The Writer Aid Blog is Moving On

Dear writers, you might notice that I haven’t been posting here lately. Or maybe you haven’t noticed, which is the point of today’s post. I have decided to discontinue the Writer Aid blog. I will keep the past posts, resource list, and information about my editing and coaching services online, but the weekly posts will cease. I will continue to publish writing-related content in other publications and occasionally on my Unleashed in Oregon site, but as a few publishers have said to me over the years, this blog just doesn’t “pencil out” anymore.

A quick Google search shows an endless list of  blogs and newsletters for writers. Every writer wants to publish a blog about writing. Nobody can read them all and still get any writing done. The best blogs and newsletters are produced by people who dedicate themselves to that work. Me, I’m scattered all over, with three blogs, a website, Facebook, Twitter, and Goodreads. I’m working on projects in poetry, fiction and nonfiction, as well as maintaining a music career. I have enjoyed sharing my insights about writing here and at the Everything But Writing site that preceded it, but it has been 10 years, and it’s time to move on.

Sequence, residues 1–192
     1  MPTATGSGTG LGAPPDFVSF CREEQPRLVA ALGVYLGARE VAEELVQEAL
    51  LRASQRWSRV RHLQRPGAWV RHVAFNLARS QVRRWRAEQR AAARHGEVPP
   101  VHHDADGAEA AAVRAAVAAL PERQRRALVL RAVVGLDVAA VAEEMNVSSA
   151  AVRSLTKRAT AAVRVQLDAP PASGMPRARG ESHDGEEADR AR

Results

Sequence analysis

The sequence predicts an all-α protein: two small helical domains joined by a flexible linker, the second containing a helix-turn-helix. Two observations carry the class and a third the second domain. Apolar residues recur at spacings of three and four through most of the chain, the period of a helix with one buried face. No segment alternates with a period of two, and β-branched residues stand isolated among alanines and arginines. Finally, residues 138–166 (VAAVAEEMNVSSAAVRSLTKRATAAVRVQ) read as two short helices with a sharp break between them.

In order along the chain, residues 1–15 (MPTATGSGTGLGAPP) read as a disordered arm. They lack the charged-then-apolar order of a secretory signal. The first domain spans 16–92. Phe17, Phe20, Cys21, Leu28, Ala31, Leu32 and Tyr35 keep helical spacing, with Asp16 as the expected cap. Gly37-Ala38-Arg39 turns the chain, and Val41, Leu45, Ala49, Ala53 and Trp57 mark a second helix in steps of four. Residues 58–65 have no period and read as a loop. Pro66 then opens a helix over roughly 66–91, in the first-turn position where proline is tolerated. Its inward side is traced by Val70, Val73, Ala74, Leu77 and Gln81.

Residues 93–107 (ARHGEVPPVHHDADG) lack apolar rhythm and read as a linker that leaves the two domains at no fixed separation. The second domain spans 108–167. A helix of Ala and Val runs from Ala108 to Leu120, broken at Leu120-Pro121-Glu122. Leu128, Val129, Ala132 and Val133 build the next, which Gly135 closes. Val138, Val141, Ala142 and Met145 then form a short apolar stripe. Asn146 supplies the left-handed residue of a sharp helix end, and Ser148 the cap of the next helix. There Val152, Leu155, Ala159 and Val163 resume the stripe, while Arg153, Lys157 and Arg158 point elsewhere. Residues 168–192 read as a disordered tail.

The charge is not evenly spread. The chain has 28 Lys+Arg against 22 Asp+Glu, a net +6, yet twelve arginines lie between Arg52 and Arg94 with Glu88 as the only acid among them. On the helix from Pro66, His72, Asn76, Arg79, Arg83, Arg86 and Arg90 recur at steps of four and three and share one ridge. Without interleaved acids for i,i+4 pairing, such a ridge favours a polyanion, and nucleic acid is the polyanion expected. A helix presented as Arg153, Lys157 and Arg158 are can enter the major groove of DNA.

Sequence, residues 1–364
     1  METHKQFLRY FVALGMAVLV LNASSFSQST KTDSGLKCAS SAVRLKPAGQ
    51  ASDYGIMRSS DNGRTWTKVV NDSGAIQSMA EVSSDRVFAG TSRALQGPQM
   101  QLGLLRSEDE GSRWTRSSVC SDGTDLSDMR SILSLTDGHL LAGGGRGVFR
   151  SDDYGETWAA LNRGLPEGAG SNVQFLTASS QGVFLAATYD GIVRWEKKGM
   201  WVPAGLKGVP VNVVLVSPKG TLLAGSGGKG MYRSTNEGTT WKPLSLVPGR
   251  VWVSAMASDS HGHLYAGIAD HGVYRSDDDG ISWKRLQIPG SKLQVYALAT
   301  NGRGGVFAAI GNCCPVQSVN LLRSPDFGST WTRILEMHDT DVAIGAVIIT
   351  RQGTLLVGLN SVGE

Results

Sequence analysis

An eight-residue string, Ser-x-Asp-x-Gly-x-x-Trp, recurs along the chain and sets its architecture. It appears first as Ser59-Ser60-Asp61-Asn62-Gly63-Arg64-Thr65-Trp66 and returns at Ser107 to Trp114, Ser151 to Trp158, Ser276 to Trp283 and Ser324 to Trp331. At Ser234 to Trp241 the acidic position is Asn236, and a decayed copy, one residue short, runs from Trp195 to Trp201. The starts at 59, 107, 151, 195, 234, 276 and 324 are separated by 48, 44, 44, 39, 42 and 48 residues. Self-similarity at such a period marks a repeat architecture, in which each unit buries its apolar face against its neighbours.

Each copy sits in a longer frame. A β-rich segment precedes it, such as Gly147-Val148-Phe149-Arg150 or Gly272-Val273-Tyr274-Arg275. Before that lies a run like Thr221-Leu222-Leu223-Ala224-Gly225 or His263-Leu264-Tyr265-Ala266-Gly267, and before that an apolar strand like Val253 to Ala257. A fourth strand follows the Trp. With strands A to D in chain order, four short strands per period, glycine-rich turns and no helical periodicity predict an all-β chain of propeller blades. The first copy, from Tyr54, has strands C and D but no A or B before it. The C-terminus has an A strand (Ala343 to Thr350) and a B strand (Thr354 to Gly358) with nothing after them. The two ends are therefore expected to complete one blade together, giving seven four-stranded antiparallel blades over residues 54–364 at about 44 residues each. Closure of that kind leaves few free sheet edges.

You will not be without resources. Let me recommend some of my favorite sites to check out:

Every year, in the May issue, Writer’s Digest publishes 101 Best Websites for Writers. If you can’t find something there, you’re not trying. Visit http://www.writersidigest.com

Here’s a list from The Positive Writer of top writing blogs that I totally agree with. Click on the links there for advice and inspiration that will keep you writing for years.

At Funds for Writers, C.Hope Clark inspires writers with her articles and extensive lists of contests, funding sources, and publishing opportunities. There’s a free newsletter, as well as a paid version with more listings.

I just found this amazing list at newpages.com of blogs by poets and writers. I could spend weeks reading these blogs.

And poets, Diane Lockward’s poetry newsletter never fails to teach me something and get my pen moving. Click on the link and scroll down to subscribe.

There are more. So many more.